Part 2 in the ongoing series on using Theory of Mind to increase your impact. For an introduction to Theory of Mind and overview of the series, check out Part 1.

What’s the first step to increasing the impact of your work? Identify the people best positioned to do something about it. These are the people you want to keep in mind when pitching, designing, and presenting your project. After all, how can you make an impact if the people making the decisions either don’t know or don’t care about your work?

Finding the right audience involves spotting the relevant problem spaces in your organization, identifying the decision-makers there, and targeting one person who will champion your work. In some cases, identifying these decision-makers is going to be simple — especially when the chain of command is clear. However, in many cases, finding out who really makes the calls might be more challenging than anticipated. Asking these three questions can cut down the guess work:

  1. Who is working on this problem space?
  2. Who do people listen to in this part of the org?
  3. Who stands to benefit the most from this work?

To reiterate, the goal of these questions is to identify one decision-maker to whom you can target your work. Why only one? Because you can’t be everything to everyone – and neither can your work. Targeting a specific audience allows you to hyper-focus on making sure your work lands.

Throughout this article we’ll talk about leaders and decision-makers. Keep in mind that these are not always official designations. Decision-makers come in many forms. Think carefully about what roles in your organization tend to hold the most sway. For instance, in creative organizations designers tend to have more say in decisions. In technical orgs, engineers often hold more power. Consider also what level of leadership is appropriate to target. Are ground-level folks empowered to incorporate these findings into their work? Or do you need someone higher-up to make a more official call?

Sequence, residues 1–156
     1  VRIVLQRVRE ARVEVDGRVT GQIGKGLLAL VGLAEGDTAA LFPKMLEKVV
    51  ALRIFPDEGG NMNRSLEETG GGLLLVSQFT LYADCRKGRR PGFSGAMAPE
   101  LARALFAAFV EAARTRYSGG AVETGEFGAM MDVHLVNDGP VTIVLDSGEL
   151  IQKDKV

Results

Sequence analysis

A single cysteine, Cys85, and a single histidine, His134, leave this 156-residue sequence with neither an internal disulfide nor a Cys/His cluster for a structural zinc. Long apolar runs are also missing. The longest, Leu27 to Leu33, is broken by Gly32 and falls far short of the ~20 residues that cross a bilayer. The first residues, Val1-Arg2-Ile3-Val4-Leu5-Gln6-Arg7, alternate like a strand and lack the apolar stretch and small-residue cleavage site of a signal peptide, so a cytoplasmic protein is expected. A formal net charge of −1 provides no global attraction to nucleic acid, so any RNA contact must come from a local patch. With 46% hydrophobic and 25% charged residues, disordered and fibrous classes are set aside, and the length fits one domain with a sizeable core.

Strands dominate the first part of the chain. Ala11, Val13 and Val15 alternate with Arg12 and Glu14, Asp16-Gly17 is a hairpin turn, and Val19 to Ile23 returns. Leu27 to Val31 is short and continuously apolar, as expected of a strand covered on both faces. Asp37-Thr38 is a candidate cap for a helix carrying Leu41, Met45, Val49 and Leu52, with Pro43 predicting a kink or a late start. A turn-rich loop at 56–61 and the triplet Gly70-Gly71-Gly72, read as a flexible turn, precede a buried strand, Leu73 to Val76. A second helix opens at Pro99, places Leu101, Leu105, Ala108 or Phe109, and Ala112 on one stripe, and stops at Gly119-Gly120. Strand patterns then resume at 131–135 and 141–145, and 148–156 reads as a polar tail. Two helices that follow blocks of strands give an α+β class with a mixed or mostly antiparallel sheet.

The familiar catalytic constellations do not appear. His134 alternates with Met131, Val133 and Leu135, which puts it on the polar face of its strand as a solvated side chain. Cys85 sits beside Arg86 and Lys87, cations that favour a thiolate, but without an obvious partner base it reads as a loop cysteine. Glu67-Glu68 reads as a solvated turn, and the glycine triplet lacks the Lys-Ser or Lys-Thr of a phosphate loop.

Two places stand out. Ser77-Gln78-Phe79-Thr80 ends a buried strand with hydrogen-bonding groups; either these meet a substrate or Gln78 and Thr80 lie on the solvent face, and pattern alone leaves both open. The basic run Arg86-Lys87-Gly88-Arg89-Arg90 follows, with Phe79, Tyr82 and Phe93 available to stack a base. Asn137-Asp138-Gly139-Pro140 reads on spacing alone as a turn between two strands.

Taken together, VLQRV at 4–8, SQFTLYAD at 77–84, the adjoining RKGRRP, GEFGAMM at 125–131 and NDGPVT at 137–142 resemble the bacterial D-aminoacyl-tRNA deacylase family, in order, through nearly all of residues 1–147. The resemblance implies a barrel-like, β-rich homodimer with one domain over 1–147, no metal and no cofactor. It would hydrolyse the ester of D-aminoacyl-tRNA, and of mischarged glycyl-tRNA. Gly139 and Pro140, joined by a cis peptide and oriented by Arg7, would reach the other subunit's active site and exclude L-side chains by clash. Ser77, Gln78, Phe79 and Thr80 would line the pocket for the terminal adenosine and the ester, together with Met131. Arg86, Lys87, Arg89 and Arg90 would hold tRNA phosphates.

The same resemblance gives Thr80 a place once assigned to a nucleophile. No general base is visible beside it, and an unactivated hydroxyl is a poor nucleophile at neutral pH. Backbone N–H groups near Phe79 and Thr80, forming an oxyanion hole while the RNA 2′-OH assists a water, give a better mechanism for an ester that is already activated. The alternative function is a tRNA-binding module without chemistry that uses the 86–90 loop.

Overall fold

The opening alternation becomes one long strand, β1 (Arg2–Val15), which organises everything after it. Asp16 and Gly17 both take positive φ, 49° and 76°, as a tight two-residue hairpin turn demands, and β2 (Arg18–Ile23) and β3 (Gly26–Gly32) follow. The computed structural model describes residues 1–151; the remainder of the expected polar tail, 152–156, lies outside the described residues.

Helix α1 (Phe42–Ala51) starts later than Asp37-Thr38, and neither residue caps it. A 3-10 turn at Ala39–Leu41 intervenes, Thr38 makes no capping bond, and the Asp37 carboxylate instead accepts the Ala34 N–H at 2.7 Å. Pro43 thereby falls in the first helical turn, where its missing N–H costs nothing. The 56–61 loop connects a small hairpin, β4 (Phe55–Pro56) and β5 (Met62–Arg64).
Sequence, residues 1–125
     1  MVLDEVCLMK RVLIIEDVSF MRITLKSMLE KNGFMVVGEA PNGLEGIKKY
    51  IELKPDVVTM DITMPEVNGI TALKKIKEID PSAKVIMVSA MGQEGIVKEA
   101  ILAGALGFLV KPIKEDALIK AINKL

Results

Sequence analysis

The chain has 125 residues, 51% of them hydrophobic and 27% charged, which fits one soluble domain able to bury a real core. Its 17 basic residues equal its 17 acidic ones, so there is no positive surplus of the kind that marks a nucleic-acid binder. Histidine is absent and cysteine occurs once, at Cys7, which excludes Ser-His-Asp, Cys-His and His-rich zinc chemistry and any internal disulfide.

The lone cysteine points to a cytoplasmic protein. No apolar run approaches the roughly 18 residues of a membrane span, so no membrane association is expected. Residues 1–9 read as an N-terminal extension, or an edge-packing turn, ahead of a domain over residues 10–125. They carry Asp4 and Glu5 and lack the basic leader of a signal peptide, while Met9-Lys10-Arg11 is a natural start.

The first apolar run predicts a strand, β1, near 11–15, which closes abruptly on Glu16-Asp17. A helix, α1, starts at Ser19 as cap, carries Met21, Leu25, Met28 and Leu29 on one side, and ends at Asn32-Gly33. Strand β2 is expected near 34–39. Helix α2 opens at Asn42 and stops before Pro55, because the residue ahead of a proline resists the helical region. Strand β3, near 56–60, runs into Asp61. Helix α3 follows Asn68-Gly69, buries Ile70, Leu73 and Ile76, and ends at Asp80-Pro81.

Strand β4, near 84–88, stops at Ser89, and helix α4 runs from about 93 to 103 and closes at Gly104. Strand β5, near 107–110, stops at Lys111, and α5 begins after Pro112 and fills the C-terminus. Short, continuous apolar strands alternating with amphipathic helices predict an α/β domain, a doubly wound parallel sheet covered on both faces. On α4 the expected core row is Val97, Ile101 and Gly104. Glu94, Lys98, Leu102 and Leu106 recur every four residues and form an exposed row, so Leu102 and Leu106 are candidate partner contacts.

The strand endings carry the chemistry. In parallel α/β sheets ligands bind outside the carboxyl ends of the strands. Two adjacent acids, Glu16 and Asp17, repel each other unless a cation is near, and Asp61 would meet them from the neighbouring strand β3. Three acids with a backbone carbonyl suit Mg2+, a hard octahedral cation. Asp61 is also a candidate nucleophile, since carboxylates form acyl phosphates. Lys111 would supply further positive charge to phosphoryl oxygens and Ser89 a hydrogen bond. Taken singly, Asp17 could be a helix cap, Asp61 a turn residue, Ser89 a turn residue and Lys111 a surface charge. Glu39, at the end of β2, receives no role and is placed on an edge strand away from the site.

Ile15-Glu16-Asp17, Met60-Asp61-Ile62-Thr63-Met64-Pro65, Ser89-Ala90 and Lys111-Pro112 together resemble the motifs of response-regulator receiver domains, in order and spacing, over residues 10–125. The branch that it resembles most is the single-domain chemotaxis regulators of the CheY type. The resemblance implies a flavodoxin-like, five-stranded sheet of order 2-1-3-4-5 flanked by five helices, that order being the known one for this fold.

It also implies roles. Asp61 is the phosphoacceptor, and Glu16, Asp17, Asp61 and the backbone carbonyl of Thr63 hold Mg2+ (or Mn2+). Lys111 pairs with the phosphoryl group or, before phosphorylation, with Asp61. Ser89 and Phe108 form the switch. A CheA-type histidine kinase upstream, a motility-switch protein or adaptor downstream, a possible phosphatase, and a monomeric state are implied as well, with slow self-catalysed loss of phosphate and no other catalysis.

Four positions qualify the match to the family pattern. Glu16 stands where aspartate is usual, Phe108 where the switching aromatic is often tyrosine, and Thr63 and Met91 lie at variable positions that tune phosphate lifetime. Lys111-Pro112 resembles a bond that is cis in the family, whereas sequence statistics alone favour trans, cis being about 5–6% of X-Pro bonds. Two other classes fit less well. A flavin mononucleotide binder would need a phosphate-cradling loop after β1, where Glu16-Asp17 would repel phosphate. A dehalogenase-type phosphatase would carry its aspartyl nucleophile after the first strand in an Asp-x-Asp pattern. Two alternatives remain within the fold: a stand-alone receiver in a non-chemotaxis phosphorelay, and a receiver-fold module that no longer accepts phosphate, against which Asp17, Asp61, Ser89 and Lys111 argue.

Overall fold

1. Who is working on this problem space?

The single most important thing any researcher, data scientist, or analyst can do to boost their impact is to separate product work from problem spaces. Product work focuses on the features, services, and functionality that teams are building. Many companies organize teams around this type of work. Often, data specialists are assigned to cover specific product teams. As a result, it’s easy to focus only on these teams when delivering the output of a project. But research and data science findings often extend beyond a single feature  and reveal insight about a broader problem space. A problem space is an area of work defined by a shared business problem. Many product teams may be working on the same problem, each focusing on a different potential solution.  Knowing how to spot these larger problem spaces can unlock new opportunities for impact across the organization.

To find these problem spaces, start by looking for teams who are working on adjacent products to your own. Imagine, for instance, your team is working on a feature that involves AI. Your findings are likely to contain some broader insights about user’s perceptions of AI. Who else in the organization might also be using AI?